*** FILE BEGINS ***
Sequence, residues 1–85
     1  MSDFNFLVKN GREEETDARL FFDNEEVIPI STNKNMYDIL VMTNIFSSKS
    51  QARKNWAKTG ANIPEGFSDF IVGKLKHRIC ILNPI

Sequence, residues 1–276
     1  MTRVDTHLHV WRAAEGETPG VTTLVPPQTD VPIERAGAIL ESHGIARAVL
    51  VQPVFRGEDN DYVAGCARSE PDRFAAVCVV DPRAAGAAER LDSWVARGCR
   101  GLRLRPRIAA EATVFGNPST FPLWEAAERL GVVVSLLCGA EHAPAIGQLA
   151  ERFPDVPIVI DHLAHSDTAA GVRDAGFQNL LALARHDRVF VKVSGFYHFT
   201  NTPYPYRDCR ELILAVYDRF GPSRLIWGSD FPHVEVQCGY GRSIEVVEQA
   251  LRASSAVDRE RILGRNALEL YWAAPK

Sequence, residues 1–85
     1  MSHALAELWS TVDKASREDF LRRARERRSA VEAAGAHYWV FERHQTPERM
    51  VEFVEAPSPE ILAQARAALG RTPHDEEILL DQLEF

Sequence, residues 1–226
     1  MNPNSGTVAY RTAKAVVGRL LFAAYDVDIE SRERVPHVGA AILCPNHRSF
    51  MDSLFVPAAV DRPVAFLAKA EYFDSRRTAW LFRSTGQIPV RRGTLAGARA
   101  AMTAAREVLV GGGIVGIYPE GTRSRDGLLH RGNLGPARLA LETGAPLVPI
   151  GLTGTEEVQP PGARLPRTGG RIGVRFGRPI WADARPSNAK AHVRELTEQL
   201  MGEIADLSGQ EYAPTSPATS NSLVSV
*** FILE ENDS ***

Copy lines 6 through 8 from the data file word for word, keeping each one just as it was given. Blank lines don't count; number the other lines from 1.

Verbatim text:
    51  VQPVFRGEDN DYVAGCARSE PDRFAAVCVV DPRAAGAAER LDSWVARGCR
   101  GLRLRPRIAA EATVFGNPST FPLWEAAERL GVVVSLLCGA EHAPAIGQLA
   151  ERFPDVPIVI DHLAHSDTAA GVRDAGFQNL LALARHDRVF VKVSGFYHFT